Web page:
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Monday, 22-May-2017 21:01:31 EDT
basic tips for writing your resume by SHEILA QUINN
Most of us struggle to write nice things about ourselves. It's time to get over that because nobody will call for an interview if your overall message is, "My C++ skills are okay."
Your resume will be one out of hundreds for any given job position. Does it meet the required professional standards? How well does it stand out and do you stand a chance for an interview?
An organized, effective resume will get you interviews. The basis of a resume essentially becomes your 'brochure of skills' designed to pique interest amidst hundreds of others. What it is not: it is not your full biography or your complete body of work experience.
Experienced business executive Sheri Gammon Dewling suggests that the structure of your resume should include your contact details, objective, key qualifications, recent work history, and your highest and most recent level of education. The objective and the key qualifications should be tailored to the position you are applying for – and this requires specific alterations or revisions to each resume submission in response to the job ad.
Ms Dewling describes the main rules, emphasizing one in particular, "Spelling and grammar must be perfect. This is critical!"
If you're using Microsoft Word, a red squiggly line under a word means the word is misspelled. While this spell check is absolutely essential, be mindful that proofreading with the naked eye is also necessary to polish the differences between American and Canadian words or words like to, two, and too that will not be picked up as being misspelled. For grammar, Word shows a green squiggly line to identify poor sentence structure such as missed punctuation and run-on or awkward, fragmented sentences.
And it's not just that. Treatment of punctuation and grammar should flow with consistency throughout the resume – particularly when using bullets. See the example below for an art-based resume:
• TFO: ‘Arcs & Textures’ educational television shorts;
• Oxford Publishing: Grade 9 ‘Encounter Canada’ geography textbook;
• Landscapes Magazine: ‘City Spaces – Village People’ article; and,
• Ontario Home Builder Magazine: ‘Solving Urban Sprawl’ article.
Notice that in both sections above, the titles, the subtitles, and the remaining information and punctuation are treated exactly the same. Whether you use the punctuation as in the example or not, your document should be consistent throughout to demonstrate one very important skill: attention to detail.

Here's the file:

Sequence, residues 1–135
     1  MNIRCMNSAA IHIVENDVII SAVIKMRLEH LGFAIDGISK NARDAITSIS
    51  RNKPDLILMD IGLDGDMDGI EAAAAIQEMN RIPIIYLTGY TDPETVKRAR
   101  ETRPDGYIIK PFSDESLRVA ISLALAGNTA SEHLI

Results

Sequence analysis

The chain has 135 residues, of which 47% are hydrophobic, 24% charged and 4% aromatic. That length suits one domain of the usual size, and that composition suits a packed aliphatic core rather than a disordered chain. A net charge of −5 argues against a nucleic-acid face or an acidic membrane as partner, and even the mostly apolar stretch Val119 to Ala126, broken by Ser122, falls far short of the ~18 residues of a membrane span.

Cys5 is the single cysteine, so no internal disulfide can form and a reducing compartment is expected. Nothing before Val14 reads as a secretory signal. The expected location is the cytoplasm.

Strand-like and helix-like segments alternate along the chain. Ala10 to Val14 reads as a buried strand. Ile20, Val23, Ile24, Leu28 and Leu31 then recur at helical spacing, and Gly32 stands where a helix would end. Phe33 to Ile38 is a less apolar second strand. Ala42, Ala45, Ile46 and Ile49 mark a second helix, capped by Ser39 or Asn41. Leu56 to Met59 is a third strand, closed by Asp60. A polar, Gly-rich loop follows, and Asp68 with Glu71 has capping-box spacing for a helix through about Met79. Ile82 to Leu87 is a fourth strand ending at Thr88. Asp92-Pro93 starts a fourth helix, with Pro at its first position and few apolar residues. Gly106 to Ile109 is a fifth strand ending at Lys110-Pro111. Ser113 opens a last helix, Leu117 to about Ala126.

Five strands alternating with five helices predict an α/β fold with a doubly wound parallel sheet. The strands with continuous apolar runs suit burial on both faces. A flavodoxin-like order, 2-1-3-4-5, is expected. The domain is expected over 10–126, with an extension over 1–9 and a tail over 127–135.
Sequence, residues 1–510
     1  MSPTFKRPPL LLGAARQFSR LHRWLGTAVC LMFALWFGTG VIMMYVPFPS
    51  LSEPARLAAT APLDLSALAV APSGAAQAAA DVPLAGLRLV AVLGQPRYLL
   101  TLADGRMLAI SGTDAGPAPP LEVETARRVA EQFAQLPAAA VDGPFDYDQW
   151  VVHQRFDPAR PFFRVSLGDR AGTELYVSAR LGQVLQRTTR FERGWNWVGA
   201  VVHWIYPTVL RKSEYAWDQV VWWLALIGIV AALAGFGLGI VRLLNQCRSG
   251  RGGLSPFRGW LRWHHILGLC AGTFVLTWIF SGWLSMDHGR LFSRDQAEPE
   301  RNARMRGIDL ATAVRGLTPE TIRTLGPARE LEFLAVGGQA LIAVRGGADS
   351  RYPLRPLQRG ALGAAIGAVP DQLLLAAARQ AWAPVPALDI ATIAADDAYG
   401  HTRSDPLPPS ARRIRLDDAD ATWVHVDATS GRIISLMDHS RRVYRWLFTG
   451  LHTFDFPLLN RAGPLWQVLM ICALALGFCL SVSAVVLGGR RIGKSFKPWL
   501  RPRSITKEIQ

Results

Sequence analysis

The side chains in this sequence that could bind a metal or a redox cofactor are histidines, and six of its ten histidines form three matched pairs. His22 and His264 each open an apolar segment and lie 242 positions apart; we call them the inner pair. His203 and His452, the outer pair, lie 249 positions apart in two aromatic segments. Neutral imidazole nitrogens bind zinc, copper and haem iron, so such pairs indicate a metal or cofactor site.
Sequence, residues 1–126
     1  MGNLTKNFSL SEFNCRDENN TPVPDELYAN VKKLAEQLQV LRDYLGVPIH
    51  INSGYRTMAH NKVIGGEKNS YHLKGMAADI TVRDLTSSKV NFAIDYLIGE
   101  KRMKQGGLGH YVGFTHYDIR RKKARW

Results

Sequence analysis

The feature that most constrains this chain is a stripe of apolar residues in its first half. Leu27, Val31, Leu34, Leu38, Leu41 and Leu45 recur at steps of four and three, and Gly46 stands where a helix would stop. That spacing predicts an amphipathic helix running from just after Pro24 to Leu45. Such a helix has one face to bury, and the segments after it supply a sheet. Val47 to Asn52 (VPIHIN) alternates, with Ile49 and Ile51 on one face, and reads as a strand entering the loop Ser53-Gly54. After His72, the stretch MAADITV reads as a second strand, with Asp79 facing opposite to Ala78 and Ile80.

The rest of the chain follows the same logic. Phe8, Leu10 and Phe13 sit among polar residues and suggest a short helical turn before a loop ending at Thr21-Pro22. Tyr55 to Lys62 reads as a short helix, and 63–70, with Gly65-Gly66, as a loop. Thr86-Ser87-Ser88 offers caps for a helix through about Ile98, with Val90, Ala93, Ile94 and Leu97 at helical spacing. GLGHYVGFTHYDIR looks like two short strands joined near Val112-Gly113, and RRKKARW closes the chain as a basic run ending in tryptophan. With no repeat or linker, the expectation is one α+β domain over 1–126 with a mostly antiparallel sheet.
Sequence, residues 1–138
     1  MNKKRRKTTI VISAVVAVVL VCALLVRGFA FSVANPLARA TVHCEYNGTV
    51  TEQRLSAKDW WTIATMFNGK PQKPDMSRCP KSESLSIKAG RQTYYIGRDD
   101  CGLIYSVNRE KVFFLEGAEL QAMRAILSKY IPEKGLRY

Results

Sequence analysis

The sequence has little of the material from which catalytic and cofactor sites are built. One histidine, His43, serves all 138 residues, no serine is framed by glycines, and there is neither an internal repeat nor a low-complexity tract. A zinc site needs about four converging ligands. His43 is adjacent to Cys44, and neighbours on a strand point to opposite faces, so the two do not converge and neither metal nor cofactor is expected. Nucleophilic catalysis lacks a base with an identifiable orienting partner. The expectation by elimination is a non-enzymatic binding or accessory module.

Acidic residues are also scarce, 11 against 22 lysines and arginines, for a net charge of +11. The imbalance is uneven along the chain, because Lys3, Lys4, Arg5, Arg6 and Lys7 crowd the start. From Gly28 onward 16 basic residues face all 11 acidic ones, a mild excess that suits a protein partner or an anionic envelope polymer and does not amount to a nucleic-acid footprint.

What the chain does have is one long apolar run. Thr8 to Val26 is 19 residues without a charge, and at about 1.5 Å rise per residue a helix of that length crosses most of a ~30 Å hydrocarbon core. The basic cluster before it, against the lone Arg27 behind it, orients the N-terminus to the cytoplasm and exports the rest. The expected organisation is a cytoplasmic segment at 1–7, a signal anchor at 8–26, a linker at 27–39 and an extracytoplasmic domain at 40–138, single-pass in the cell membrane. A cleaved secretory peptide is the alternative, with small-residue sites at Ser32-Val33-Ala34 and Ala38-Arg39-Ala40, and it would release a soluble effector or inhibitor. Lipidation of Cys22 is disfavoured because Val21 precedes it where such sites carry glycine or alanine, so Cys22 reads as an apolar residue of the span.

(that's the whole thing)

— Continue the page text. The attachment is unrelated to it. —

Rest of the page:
Another basic rule – maximum two pages plus a cover letter unless the job ad specifies otherwise. Of note, placing the cover letter content in the body of an email can be acceptable if you are delivering your resume electronically. Still, include your cover letter in your attachment with the remainder of your resume so that the interviewer only has to print from one document instead of two. The premise is to make things as easy as possible for the interviewer who is likely receiving hundreds. If extra work is required to retrieve your resume package, you may be overlooked rendering your resume unread.
DESCRIBING YOUR QUALIFICATIONS Most of us struggle to write nice things about ourselves. It's time to get over that because an employer will not call a job candidate for an interview if the overall message promotes, "My C++ skills are okay."
Don't be afraid to highlight your achievements with results. You will probably be asked to elaborate during your interview so include the most relevant information. For example, if you lead a department that exceeded their budget by 40%, the line should read something like this:
• Managed team to 40% revenue growth in one year.
That is more powerful and impressive than "My team did really well last year and sold more than ever."
Another tip. Never underestimate your skills but a good resume is not inundated with extra words. Unnecessary inclusion of information creates the impression that your skill set is weaker than the job requires. For example, if you are experienced in three or more Microsoft tools, the line should read:
SKILLS & ASSETS
• Proficient at Microsoft Office Suite.
This is self-explanatory and far easier to read than, "Worked with Excel, Outlook, PowerPoint, and Word."
Generally, the order of headings in a resume is dependent on your level of experience. If you are fresh out of school, your Education section should be up near the top to emphasize that you have fresh industry-based ideas. If you have years of experience, that would be your emphasis – Qualifications and Skills & Assets near the top, pushing Education down to the bottom.
Last tip. Many of us think we know how to write. Bottom line, this isn't a creative essay writing assignment. There are different categories of writing that require unique writing skills by type. Ms Dewling concludes, "Resume writing should be professional, short, concise, and results-oriented."
It is likely that there is a position available because the interviewer is overworked and needs help. Accordingly, the interviewer doesn't have time to read a biography for each applicant or a series of words that could be shortened to become self explanatory. "A qualified resume with key words and results that jump off the page is likely to lead to an interview."
Proofread, pay attention to detail, and write your resume with the intent to make it powerful and yet easy to read. Be sure as well that you can support and expand on your skill set and qualifications during the interview process.•